A little question about variables naming

From the code below, is it clear enough, what am I doing and what is each variable representing?

//Work out the first ten digits of the sum of the following
//large nums
function largeSum(arr) {

    return Number(arr.map(
      textNum => textNum.substring(0, 11)
        (sum, textChunkofNum) => sum + Number(textChunkofNum), 0
        ).toString().slice(0, 10));

What kinds of values does arr contain? What does it represent? What is an example call to the function? It is not clear by the function name exactly what is going to be summed. I would assume it is an array of numbers, but I the code reads as it is an array of strings.

I would break things down a bit more instead of doing it all in one return statement. If nothing else, I would indent the code differently to make it more readable:

function largeSum(arr) {
    return Number(
        .map(textNum => textNum.substring(0, 11))
        .reduce((sum, textChunkofNum) => sum + Number(textChunkofNum), 0)
        .slice(0, 10)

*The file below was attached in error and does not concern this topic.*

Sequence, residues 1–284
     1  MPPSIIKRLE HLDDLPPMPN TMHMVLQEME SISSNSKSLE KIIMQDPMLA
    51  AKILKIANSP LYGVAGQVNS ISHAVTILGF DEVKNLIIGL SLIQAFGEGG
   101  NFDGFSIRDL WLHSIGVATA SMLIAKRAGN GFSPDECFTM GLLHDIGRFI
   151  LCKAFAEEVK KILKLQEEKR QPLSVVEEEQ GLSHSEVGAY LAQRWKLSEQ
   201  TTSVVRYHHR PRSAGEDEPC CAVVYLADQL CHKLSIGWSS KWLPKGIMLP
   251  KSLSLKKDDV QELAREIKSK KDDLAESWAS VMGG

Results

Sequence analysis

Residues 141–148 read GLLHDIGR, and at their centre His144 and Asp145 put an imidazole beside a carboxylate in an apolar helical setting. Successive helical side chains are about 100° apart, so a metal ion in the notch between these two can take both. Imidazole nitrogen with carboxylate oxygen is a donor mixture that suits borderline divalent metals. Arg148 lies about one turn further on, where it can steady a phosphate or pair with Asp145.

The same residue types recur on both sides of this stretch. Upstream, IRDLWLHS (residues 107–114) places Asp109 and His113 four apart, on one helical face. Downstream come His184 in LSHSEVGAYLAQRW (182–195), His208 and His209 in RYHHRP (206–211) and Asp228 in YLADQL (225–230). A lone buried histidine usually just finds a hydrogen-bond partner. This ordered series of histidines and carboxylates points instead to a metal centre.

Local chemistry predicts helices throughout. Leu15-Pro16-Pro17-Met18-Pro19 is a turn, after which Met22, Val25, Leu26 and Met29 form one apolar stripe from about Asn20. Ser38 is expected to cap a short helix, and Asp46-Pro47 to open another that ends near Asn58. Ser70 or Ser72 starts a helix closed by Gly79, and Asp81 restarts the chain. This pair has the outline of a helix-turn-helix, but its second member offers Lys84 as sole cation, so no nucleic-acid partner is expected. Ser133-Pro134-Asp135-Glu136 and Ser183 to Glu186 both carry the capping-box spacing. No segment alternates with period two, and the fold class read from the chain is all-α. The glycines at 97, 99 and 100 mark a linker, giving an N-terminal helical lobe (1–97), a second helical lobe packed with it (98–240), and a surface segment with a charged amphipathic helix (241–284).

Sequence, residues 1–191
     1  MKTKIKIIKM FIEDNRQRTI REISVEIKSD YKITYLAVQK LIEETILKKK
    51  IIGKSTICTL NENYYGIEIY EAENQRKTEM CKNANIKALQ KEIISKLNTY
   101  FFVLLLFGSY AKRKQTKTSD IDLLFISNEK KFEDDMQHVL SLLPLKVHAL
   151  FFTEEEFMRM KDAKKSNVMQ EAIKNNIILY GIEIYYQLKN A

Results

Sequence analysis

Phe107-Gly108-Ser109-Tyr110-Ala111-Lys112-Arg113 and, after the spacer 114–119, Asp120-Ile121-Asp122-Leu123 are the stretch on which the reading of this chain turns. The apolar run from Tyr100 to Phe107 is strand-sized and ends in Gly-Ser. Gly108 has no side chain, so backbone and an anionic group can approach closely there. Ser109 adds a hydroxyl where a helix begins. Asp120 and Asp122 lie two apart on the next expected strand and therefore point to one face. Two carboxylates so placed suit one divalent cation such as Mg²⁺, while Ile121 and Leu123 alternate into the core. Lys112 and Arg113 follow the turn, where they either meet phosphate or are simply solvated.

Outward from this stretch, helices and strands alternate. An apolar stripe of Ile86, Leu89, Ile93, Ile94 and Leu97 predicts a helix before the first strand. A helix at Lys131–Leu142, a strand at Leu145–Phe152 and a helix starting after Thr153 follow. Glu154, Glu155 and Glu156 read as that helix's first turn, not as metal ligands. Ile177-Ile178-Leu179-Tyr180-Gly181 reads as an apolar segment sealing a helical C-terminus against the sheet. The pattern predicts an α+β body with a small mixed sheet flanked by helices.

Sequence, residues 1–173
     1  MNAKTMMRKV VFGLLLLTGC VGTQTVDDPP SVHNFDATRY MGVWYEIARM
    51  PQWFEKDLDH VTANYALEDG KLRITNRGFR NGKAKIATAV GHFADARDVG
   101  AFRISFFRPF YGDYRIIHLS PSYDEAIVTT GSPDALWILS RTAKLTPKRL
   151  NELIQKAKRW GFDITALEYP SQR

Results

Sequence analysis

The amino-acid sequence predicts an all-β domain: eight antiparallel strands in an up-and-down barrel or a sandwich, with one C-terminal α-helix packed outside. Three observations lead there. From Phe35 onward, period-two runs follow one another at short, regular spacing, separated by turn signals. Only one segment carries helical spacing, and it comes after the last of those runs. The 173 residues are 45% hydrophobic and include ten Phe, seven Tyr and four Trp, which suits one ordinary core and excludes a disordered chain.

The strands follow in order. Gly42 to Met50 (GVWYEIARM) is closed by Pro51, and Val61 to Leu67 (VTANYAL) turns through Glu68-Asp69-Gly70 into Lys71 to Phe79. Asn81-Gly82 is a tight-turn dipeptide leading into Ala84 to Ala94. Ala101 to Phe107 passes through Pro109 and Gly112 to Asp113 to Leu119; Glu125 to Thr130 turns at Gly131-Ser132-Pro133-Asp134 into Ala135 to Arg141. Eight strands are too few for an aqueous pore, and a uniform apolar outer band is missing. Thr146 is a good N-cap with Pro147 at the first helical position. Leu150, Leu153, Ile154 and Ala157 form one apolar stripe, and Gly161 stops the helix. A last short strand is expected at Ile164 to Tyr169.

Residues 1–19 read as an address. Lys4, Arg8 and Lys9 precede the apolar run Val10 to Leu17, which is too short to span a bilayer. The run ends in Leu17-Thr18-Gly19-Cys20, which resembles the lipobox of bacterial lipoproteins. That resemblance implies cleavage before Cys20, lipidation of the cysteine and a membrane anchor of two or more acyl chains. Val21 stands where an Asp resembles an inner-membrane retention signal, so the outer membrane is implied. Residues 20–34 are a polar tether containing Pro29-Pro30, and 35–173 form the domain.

Got it. You propose use each line for every method.
I thought it would be readable enough, if two methods are placed in one line, if they don’t have much inside parenthesis

toString().slice(0, 10))

arr parameter could be easily renamed, I guess largeNums would be ok.

To add example of function call - also totally makes sense.

I didn’t change name of the function, in order to pass the tests in the challenge step.

When chaining more than two methods, then convention is one line (or more if the callback is long) per method.

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If my aim is to make the code more readable, beside clear naming, id also warp different parts of the code into variables and make the calculations before i give the result to return. For example you can take out the callbacks you pass to each method and use a name on what its prupose is.

// unsure of the purpose of this callback, so i called it mapper...
const mapper = textNum => textNum.substring(0, 11)

Also if you have reduce in the equation, usually you can include whats done in the map method directly in the reduce.

// again, dont get focused on my naming
const chunkify = textNum => textNum.substring(0, 11)
reduce((sum, textNum) => sum + Number(chunkify(textNum)), 0)
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Eh, I’m not wild about creating a bunch temporary variables. You increase the number of places that you need to change stuff in an update. Also, it leaves you bouncing around to understand the logical flow.

Chaining is good thing. Use good variable names inside of the chaining to make it clear what each step does.

In compiled languages, chaining can help the compiler optimize out intermediate data structures.